Generally, people who have been using a high dose for a long time will experience symptoms quickly, and those symptoms are more severe. Every person is different, so your experience may not be the same as someone else’s. Before attempting to stop using a sleeping pill, speak to a doctor or medical professional. They may be able to help you wean off of the drug without encountering some of the most intense symptoms.
Here’s what could happen if you quit using sleeping pills cold turkey after becoming dependent:
First 24 hours:
The first symptoms will appear within the first 24 hours of your last dose. If you were used to a large dose, or if your last dose was smaller than usual, symptoms may show up sooner. Your first symptoms may be similar to a hangover, where you feel a mental fog, fatigue, difficulty focusing, memory issues, headaches, and a lack of alertness.
First 48 hours:
At this point, you may experience rebounding symptoms like insomnia and anxiety. In addition to the uncomfortable feelings you may have already experienced, you may also experience some psychological symptoms like irritability and agitation.
Within three to seven days, your side effects will peak, and you’ll start to experience the most intense symptoms. Cravings to use may also be severe at this point. As a central nervous system depressant, sleep aids might cause paranoia, confusion, seizures, or delirium. These symptoms are more likely if you were also drinking alcohol with sleep aids.
After your symptoms peak, they will start to taper off, and your risk of severe symptoms will lower. Most of your physical symptoms will be gone by the end of the second week, though you may still experience insomnia.
Three weeks or more:
Sometimes insomnia and psychological symptoms last for much longer than your detox and may even linger for months unless they are treated. However, in addiction treatment, many of these persistent symptoms can be addressed and alleviated.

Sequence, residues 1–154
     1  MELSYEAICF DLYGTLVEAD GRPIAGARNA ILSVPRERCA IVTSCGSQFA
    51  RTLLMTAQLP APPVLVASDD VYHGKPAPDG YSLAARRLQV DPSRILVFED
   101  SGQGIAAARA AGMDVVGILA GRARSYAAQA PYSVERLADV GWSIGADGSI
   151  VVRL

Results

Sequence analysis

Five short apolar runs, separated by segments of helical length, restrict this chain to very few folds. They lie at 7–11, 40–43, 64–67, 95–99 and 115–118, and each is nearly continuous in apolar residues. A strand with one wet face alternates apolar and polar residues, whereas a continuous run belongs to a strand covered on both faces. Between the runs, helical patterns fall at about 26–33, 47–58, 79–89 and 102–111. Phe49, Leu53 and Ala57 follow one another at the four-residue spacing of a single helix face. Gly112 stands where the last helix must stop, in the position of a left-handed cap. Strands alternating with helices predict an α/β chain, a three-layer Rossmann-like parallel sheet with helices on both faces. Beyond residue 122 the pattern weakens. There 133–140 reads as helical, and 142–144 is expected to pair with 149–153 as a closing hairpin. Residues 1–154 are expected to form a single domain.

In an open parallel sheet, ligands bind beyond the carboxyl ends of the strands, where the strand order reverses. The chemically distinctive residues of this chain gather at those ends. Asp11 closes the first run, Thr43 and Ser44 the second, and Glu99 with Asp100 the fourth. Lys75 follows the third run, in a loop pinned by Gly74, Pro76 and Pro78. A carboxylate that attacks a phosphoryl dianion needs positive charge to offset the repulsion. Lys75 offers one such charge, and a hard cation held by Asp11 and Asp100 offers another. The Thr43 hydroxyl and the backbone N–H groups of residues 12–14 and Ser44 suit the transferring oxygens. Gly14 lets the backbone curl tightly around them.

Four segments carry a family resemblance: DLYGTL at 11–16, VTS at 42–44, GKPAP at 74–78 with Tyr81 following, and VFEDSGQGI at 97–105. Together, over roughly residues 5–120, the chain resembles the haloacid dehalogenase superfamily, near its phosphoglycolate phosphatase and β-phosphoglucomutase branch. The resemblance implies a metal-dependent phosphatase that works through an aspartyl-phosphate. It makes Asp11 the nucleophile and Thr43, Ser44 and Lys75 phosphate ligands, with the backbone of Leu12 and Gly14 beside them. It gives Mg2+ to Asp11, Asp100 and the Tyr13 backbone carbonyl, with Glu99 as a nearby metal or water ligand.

Why Should I Detox?
Medical detox is the highest level of care in addiction treatment, which involves 24-hour medically managed treatment for people that are going through withdrawal. Detox facilities have board-approved medical professionals on staff 24 hours a day to treat your symptoms and help you to avoid any medical complications. Detox typically lasts between five and 10 days as your body readjusts to life without the chemical in your system. In some cases, it can take longer. Ultimately, it depends on your individual needs.
What Is The Next Treatment Step?
If you’ve been diagnosed with a substance use disorder, you may need to go through other levels of care in addiction treatment. According to the National Institute on Drug Abuse (NIDA), detox may not be enough to effectively lead to long-lasting abstinence. If you complete detox and still have medical or psychological needs that require high-level care, you may need to enroll in an inpatient treatment program. In inpatient treatment, you will have access to 24 hours of care every day, and your condition will be monitored by medical professionals or managed by clinicians, depending on your needs.
Once you can live on your own, you can move to an outpatient program. If you still have fairly pressing medical or psychological needs that need daily monitoring, you might go through a partial hospitalization program, which is a highly intensive form of outpatient treatment that involves more than 20 hours of treatment per week. Intensive outpatient includes more than nine hours per week, and standard outpatient includes fewer than nine hours per week.